According to the Vinaya Pitaka, in ancient India over two thousand years ago, with winter being so cold as to split open bamboos by its bitter cold winds, many bhikshus got sick due to the lack of shoes and caps to keep warm. The Buddha also got sick and had to take medicine. One time, he had a backache and asked Bhikshu Kasyapa to chant some sutras to ease the pain. But the truth is that the Buddha would never have sustained any real pain. These incidents were all just manifestations.
Because of these questions, the Buddha divided the Twelve Nidanas into the twofold cause and effect. On the subject of cause and effect, many Buddhists are either confused or simply do not understand, let alone non-Buddhists. Although not knowing what causality is, many of them still dare to refute and criticize the existence of cause and effect. It makes one wonder what they could possibly refute and criticize something that they do not have any inkling about. Nonetheless, when the karmic force is in play, people will have this inexplicable impetus and nerve to act. Under certain circumstances, demons and demonic hindrances can also bestow fearlessness on people.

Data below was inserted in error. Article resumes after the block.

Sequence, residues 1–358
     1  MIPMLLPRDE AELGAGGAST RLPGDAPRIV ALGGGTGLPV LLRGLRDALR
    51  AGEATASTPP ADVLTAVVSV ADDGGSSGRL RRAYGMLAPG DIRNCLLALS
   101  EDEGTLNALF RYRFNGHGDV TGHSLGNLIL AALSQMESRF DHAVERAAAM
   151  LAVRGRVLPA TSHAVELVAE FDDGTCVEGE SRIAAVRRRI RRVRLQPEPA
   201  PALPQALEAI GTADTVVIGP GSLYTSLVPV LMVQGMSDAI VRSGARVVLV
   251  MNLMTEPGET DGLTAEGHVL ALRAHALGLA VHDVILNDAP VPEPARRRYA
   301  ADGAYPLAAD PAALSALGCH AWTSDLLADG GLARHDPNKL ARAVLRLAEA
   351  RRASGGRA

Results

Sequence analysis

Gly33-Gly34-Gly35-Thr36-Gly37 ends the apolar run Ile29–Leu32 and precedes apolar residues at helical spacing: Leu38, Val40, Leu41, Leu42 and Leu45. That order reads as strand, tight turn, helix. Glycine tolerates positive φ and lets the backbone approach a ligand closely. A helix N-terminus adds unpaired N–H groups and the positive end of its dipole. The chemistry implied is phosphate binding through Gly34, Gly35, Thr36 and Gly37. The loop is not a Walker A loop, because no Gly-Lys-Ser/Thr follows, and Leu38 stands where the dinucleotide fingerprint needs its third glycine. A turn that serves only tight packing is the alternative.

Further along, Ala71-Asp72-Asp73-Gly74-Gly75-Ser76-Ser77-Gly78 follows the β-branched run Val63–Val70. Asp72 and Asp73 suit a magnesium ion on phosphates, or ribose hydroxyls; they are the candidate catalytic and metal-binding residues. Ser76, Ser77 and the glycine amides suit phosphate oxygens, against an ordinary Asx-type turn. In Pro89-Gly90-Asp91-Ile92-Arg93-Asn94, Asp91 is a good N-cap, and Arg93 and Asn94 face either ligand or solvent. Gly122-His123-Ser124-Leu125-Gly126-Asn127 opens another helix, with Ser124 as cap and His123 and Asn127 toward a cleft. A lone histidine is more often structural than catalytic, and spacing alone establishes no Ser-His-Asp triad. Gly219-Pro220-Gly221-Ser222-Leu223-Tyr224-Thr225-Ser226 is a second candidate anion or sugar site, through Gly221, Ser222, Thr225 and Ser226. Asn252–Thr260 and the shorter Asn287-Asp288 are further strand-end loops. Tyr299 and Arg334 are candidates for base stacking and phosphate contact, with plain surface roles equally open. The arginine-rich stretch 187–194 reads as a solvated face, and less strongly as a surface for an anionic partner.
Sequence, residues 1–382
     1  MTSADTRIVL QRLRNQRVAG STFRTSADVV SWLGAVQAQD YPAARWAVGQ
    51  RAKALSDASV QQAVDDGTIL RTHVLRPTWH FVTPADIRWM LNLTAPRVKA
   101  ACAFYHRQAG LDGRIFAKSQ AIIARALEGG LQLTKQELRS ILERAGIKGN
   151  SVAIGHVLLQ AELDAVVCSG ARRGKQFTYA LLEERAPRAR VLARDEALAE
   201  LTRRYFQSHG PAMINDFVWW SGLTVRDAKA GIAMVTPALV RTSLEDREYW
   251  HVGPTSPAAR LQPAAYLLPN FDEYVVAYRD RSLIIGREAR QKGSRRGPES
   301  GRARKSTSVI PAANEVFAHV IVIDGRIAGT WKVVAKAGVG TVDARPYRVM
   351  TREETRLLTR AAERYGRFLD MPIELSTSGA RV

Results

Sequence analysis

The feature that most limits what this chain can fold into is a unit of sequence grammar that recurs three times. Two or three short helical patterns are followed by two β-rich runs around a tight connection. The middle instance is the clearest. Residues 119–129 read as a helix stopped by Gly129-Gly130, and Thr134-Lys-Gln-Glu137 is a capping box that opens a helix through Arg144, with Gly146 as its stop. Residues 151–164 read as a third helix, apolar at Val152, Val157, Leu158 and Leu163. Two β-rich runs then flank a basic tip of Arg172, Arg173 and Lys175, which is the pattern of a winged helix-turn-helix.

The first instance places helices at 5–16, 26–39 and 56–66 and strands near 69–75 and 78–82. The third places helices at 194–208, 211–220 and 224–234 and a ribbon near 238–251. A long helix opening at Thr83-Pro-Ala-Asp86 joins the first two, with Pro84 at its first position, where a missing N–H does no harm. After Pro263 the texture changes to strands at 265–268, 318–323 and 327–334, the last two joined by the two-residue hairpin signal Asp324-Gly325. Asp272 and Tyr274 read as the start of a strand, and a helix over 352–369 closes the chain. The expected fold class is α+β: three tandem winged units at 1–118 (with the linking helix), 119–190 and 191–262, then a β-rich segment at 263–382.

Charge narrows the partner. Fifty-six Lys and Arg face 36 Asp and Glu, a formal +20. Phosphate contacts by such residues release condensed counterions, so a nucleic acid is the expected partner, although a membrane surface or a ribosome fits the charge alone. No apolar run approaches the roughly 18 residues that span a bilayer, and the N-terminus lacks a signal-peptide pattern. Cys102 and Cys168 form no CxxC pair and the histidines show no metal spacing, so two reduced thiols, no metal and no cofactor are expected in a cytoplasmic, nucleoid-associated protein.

With the twofold cause and effect, the workings of karma and samsara are thus revealed: that which “generates” is primarily craving. When craving ends, so does rebirth.
~ Depicted from THE RIGHT VIEW : The Twelve Nidanas—the sequence of cyclic existence